Case ID: M19-039P

Published: 2019-08-06 08:34:24

Last Updated: 1677135911


Robert LiKamWa
Shahabedin Sagheb
Alireza Bahremand
Byron Lahey
Frank Liu
Assegid Kidane

Technology categories

Computing & Information TechnologyEducationalManufacturing/Construction/MechanicalPhysical Science

Technology keywords

Materials and Electronics
Mechanical and Manufacturing

Licensing Contacts

Shen Yan
Director of Intellectual Property - PS
[email protected]

Shifting Weight-Based Interfaces for Simulated Hydrodynamics in Mixed-Reality Fluid Vessels (SWISH)


By integrating visual stimuli with perceived tactile sensation, mixed-reality haptic devices provide a critical dimension to otherwise intangible virtual content. Much of the commercial and academic efforts in this domain have focused on delivering simulated interactions with rigid objects, often through the use of vibrotactile gloves, robotic arms, and grounded devices. Currently, mixed-reality haptic systems have been unable to reproduce the physical sensation associated with handling a fluid-filled vessel. Because movement of the contained fluid causes shifting of the vessel’s center-of-gravity (CoG), creating a responsive haptic representation is technically challenging. However, given the prevalence of human interaction with fluids, successful haptic simulation of fluids stands to spawn numerous mixed-reality applications. These include workforce training for fluid handling, experimentation with new fluid-handling operations, rehabilitation, gaming, and portable remote laboratories.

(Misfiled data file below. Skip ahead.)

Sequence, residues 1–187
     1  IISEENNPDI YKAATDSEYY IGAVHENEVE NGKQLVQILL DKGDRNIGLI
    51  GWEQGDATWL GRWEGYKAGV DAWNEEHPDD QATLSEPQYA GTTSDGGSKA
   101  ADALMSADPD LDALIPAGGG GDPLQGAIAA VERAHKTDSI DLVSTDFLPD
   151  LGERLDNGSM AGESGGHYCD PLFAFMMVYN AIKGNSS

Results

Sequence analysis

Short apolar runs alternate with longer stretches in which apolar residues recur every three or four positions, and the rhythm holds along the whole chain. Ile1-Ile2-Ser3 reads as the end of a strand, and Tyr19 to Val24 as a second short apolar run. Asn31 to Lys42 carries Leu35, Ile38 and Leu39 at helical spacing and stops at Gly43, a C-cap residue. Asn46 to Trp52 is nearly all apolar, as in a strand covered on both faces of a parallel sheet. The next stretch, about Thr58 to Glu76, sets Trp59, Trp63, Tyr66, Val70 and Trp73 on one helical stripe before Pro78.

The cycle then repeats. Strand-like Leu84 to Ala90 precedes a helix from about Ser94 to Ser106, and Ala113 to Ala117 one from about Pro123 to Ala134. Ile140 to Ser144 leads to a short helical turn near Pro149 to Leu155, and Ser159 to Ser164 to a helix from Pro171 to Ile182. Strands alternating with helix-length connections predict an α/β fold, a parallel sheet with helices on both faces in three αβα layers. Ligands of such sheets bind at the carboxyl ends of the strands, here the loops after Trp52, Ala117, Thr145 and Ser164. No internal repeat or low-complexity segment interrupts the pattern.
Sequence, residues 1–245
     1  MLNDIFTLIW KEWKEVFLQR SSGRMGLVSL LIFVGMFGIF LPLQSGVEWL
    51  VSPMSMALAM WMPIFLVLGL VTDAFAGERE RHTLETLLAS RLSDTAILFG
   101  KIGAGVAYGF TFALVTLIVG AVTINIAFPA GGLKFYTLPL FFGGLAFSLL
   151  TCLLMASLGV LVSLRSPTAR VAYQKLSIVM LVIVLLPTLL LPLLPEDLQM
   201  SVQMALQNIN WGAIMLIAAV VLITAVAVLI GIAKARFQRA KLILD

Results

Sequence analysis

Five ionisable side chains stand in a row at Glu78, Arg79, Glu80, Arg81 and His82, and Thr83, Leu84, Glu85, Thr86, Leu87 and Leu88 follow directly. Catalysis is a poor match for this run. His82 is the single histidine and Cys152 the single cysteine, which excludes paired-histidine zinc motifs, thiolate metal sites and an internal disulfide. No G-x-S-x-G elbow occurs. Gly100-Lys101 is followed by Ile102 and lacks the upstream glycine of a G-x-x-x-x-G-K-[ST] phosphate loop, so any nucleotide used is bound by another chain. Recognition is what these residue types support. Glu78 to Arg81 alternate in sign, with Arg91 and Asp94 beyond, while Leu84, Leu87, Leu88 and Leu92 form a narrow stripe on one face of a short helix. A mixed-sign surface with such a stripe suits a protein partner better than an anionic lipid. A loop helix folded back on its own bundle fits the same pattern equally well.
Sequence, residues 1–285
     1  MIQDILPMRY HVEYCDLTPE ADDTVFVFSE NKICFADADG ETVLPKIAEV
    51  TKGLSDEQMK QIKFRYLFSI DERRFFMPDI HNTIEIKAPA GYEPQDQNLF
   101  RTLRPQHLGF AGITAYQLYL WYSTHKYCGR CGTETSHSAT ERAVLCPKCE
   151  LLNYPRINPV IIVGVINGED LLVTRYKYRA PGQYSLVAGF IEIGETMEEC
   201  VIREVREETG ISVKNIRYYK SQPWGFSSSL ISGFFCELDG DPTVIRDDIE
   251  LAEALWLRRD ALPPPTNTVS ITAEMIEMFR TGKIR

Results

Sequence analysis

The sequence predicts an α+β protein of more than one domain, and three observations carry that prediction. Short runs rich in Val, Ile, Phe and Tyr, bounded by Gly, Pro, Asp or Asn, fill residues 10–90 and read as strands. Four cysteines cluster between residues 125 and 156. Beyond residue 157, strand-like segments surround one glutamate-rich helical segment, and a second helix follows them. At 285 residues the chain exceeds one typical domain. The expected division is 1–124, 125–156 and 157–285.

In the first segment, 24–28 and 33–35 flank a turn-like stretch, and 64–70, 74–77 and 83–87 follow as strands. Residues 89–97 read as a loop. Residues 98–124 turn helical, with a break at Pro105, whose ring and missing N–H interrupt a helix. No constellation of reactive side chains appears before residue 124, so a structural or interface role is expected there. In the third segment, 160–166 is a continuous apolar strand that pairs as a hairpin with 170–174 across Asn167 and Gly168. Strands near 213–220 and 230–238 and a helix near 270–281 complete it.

Invention Description

Researchers at Arizona State University have developed SWISH, an ungrounded mixed-reality system that affords users realistic haptic sensations of handling a fluid-filled vessel. The virtual fluid is visually rendered through virtual reality or augmented reality devices, while the physical SWISH vessel houses the mechanism which dynamically shifts the CoG with 3 degrees of freedom. The system prioritizes reproducibility, using electronic components and tools that are widely available. Designed parts are constructed with standard CAD tools, 3D printers, and acrylonitrile butadiene styrene (ABS) polymer. SWISH’s software framework is implemented using Unreal Engine 4 for virtual scene composition/rendering and NVIDIA Flex for fluid particle simulation. Instructions for motor control are transmitted via Bluetooth.   


Potential Applications

•       Virtual/Mixed reality

•       Gaming

•       Workforce training simulation


Benefits and Advantages

•       Novel – To the best of the inventors’ knowledge, system is the first ungrounded haptic device to provide realistic sensation of augmented fluids

•       Practical – Construction is based on readily available components and processes


Laboratory Homepage of Professor Robert LiKamWa